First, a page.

nep-ino New Economics Papers
on Innovation
Issue of 2023‒03‒27
seven papers chosen by
Uwe Cantner
University of Jena

  1. Measuring Science and Innovation Linkage Using Text Mining of Research Papers and Patent Information By MOTOHASHI Kazuyuki; KOSHIBA Hitoshi; IKEUCHI Kenta
  2. The transition of brown regions: A matter of timing? By Stefano Basilico; Nils Grashof
  3. Schumpeterian Growth, Price Rigidities, and the Business Cycles By Adil Mahroug; Alain Paquet
  4. Similarities and Differences in the Adoption of General Purpose Technologies By Ajay K. Agrawal; Joshua S. Gans; Avi Goldfarb
  5. Does constructive feedback improve idea quality in idea contests? Exploring the role of hierarchy and feedback overlap By Mathias Boënne; Bart Leten; Walter Van Dyck
  6. The Science of Startups: The Impact of Founder Personalities on Company Success By Paul X. McCarthy; Xian Gong; Fabian Stephany; Fabian Braesemann; Marian-Andrei Rizoiu; Margaret L. Kern
  7. Robots and Workers: Evidence from the Netherlands By Daron Acemoglu; Hans R. A. Koster; Ceren Ozgen

  1. By: MOTOHASHI Kazuyuki; KOSHIBA Hitoshi; IKEUCHI Kenta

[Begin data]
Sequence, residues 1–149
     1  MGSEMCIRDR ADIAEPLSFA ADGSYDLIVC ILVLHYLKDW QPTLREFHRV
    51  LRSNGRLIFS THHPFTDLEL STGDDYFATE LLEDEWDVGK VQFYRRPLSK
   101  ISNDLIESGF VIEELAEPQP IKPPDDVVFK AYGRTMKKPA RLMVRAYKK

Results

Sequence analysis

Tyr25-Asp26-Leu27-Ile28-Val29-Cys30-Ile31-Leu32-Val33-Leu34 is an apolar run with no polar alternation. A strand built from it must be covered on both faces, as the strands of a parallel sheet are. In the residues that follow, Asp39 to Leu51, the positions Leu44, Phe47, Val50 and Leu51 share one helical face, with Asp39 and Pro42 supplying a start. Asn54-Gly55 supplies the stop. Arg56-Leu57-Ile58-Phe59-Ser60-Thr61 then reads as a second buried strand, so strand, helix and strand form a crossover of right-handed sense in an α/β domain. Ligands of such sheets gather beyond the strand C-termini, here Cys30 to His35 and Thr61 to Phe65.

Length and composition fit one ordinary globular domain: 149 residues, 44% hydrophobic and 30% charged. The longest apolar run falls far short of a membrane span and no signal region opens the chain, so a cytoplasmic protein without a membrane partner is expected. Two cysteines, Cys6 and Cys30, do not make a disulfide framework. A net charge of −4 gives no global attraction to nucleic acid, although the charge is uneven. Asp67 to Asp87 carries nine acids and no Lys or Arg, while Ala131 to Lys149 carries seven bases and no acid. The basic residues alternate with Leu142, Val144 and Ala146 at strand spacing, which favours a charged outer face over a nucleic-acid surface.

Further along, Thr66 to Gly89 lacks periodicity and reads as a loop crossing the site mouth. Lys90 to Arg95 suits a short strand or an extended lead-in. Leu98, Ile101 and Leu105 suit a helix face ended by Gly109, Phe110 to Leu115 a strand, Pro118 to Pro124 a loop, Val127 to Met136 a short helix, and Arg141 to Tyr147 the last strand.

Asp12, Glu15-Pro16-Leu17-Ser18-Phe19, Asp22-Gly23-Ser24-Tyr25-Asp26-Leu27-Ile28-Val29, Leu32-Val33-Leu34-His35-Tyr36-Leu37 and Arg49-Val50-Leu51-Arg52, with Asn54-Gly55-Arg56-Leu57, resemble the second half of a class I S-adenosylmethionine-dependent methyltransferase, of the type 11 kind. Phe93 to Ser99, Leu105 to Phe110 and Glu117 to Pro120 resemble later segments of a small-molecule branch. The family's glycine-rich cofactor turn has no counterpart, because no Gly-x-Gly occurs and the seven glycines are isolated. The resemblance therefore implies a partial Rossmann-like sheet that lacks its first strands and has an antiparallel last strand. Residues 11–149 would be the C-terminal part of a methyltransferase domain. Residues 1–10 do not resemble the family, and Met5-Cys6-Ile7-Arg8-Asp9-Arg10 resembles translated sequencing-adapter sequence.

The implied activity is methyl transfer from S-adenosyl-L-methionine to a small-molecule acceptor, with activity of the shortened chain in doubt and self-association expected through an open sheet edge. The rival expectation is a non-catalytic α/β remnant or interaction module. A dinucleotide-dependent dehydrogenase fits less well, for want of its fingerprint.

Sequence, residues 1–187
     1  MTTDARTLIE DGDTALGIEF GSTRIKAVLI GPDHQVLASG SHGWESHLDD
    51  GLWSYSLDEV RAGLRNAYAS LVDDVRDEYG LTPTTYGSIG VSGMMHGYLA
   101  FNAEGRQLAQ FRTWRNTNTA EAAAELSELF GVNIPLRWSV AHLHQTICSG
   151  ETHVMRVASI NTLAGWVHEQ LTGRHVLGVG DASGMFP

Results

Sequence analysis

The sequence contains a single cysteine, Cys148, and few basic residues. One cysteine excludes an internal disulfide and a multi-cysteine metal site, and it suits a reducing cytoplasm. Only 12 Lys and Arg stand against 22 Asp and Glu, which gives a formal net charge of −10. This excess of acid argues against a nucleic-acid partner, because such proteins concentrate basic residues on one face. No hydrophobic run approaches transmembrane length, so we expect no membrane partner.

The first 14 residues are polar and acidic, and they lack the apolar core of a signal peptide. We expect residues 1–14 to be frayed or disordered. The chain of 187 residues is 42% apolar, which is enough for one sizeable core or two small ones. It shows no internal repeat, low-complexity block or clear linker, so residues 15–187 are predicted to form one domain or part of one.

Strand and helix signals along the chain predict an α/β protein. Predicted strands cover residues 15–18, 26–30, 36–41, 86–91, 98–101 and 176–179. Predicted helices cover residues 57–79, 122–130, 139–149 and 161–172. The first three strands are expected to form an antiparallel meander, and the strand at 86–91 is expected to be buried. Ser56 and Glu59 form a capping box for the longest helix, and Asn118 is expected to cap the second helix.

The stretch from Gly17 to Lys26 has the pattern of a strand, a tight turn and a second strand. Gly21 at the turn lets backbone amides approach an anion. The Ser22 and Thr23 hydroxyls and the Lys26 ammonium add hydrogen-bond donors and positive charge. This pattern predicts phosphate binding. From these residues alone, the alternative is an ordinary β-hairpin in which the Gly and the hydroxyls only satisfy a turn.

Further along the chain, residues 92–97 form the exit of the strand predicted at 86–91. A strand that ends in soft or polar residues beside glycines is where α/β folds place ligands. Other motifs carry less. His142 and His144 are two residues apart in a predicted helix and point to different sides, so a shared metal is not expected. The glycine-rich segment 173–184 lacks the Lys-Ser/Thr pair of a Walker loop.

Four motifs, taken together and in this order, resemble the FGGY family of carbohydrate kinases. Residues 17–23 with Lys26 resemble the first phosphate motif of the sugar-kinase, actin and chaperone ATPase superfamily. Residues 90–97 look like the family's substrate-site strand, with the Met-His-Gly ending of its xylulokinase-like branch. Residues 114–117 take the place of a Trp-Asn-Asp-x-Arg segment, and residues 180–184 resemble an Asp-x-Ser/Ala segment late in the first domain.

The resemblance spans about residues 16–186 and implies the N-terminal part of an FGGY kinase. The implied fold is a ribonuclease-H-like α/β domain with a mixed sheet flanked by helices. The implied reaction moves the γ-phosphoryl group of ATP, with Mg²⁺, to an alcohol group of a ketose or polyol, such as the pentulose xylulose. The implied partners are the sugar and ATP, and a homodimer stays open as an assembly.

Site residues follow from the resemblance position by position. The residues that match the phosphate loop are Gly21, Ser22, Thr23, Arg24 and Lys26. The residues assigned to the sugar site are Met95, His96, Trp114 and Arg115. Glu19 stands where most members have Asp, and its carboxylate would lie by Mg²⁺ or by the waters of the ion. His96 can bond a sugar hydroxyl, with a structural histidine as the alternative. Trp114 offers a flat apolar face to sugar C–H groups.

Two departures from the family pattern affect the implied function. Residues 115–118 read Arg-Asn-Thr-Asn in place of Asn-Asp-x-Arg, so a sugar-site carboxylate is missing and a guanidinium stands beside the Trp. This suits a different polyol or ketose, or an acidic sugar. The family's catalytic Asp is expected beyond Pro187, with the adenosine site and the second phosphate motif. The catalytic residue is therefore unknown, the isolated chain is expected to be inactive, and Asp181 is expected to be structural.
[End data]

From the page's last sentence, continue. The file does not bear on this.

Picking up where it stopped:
Abstract: In this study, the text information of academic papers published by Japanese authors (about 1.7 million papers) and patents filed with the Japan Patent Office (about 12.3 million patents) since 1991 are used for analyzing the inter-relationship between science and technology. Specifically, a distributed representation vector using the title and abstract of each document is created, then neighboring documents to each are identified using the cosine similarity. A time trend and sector specific linkages within science and technology are identified by using the count of neighbor patents (papers) for each paper (patent). It is found that the science intensity of inventions (the number of neighbor papers for patents) increases over time, particularly for university/PRI patents and university-industry collaboration patents over the 30 years studied. As for university/PRI patents, the institutional reforms for the science sector (government laboratory incorporation in 2001 and national university incorporation in 2004) contributed to the interactions between science and technology. In contrast, the technology intensity of science (the number of neighbor patents by paper) decreases over time. It is also found that the technology intensity of life science papers is rather low, although they have a significant impact on subsequent patents. However, there are some scientific fields which are affected by technological developments, so that the state of science and innovation interactions is heterogenous across the fields.